Morris Auster, Esq. Division of Governmental Affairs
Senior Vice President / MEMORANDUM IN OPPOSITION
Chief Legislative Counsel
WORKERS COMPENSATION REFORM
MSSNY strongly OPPOSES several items being advanced in the final budget negotiations that would limit injured workers’ access to the physician of their choice under the Worker’s Compensation Program.
MSSNY is very concerned that the Worker’s Compensation provisions being negotiated in the State Budget that would remove the authority of county medical societies to recommend physicians to serve as treating providers or independent medical examiners under Workers Compensation, an important community function currently performed by county medical societies.
While several credentialing organizations can and do provide helpful information concerning a physician’s educational, practice background and liability history, the role that county medical societies play in the review of the physician is vital. Importantly, they make sure of the inclusion of all necessary information before the application is presented the Board can perform its own review of the physician’s qualifications. County medical societies report many instances where incomplete applications are presented. The county medical society staff and physician reviewers work with the physician to assure that their residency, licensure and credentialing information is attached. It is not necessary to replicate the county medical society framework on the state level. The county medical societies’ processes already assure timely, efficient and complete approval and submission of physician applications to the workers compensation board.
MSSNY is also very concerned with proposals under discussion would that would expand the authority of the Board to remove a physician from being allowed to provide care to injured workers and provide a new power to impose significant monetary fines on such physicians or other health care providers. The increased risk of sanction will likely further drive physicians away from the program. Moreover, MSSNY also opposes another proposal that would limit an injured worker’s choice of physician by greatly lengthening the time period (from 30 to 120 days) for which an injured worker must be treated by a Workers Compensation PPO-affiliated physician.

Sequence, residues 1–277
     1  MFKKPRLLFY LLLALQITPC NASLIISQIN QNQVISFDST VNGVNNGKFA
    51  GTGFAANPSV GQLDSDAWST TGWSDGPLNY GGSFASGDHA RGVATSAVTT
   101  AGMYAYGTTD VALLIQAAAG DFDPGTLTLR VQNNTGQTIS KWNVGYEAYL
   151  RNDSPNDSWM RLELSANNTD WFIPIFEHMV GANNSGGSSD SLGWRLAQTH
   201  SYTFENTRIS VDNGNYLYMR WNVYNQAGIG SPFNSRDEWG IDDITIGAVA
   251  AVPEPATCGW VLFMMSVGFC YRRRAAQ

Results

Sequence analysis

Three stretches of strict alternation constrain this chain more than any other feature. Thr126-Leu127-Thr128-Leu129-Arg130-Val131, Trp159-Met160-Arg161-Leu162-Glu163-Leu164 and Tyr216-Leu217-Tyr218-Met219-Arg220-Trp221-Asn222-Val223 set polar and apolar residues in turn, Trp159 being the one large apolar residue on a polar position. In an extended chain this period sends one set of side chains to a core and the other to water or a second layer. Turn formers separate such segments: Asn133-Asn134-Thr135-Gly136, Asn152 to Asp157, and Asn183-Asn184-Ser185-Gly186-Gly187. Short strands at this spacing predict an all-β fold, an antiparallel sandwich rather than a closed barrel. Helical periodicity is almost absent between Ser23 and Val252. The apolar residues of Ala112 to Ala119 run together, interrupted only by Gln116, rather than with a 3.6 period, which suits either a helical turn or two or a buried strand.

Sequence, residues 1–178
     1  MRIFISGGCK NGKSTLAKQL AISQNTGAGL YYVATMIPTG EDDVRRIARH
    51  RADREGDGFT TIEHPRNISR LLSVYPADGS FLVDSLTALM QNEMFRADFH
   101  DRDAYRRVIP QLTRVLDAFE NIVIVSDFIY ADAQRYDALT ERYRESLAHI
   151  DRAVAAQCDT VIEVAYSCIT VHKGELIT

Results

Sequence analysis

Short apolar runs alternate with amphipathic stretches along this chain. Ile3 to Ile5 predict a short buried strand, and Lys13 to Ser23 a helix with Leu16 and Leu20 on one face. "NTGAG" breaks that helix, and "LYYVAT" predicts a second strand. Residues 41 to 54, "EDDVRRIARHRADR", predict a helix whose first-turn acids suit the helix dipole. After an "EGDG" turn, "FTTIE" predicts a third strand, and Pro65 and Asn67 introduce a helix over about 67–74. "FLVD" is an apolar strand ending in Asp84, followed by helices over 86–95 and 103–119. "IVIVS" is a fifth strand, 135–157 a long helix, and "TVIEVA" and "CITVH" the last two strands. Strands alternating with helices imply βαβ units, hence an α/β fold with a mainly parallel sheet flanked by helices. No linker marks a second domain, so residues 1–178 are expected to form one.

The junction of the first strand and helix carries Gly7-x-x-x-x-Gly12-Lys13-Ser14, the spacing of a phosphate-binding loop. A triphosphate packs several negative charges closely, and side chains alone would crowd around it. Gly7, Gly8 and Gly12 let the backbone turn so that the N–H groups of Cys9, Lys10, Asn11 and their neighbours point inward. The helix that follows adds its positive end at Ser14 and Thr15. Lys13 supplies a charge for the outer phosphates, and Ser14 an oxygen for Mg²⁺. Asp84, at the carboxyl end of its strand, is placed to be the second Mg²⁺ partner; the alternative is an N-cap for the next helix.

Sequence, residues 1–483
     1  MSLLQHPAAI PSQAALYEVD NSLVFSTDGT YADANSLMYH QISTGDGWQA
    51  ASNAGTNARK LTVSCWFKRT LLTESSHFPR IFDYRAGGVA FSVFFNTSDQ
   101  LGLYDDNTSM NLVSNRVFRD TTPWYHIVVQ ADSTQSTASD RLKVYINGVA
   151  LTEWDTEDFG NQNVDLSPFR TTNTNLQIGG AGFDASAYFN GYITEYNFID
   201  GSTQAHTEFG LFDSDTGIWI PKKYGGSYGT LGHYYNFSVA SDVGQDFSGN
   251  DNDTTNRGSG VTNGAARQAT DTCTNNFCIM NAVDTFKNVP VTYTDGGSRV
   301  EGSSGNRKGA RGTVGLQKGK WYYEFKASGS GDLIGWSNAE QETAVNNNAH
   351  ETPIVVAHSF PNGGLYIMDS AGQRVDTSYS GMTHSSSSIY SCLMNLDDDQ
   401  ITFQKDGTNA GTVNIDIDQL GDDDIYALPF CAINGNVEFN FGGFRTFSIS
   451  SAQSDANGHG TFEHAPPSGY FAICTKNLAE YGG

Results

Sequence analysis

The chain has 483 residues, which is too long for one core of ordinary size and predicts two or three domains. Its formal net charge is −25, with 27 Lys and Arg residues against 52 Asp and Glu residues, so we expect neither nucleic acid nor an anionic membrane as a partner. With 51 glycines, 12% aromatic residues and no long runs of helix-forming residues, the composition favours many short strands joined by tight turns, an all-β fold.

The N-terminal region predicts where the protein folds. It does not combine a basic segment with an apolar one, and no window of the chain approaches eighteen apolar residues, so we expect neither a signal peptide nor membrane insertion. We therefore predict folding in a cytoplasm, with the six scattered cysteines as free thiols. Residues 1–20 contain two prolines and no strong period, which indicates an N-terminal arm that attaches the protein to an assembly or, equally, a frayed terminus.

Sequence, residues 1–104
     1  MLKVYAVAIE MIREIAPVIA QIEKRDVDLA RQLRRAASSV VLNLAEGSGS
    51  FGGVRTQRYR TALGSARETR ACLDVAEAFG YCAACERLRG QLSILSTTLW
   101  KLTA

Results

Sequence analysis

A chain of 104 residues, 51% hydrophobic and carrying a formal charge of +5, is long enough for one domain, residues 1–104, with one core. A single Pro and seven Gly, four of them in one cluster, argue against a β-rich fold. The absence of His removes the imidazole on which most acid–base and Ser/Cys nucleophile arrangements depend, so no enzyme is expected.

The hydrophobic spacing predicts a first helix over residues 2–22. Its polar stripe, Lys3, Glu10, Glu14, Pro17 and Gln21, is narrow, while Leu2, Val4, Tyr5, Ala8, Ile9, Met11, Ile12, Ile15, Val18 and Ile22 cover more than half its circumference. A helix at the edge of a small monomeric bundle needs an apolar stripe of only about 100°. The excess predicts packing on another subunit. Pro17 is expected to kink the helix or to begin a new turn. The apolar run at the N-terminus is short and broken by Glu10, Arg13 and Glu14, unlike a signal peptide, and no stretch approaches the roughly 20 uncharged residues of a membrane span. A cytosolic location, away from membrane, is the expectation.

If the Workers Compensation Board is looking to expand the availability of care to injured workers, it should instead work to remove the many administrative impediments that are discouraging physicians from participating in the WC program, rather than taking steps to expand the use of non-physicians, reducing patient choice of treating physicians, and imposing new penalties on those who remain in the system to provide care.
The Medical Society of the State of New York strongly opposes these measures and urges that they be rejected from the Budget.
DIVISION OF GOVERNMENTAL AFFAIRS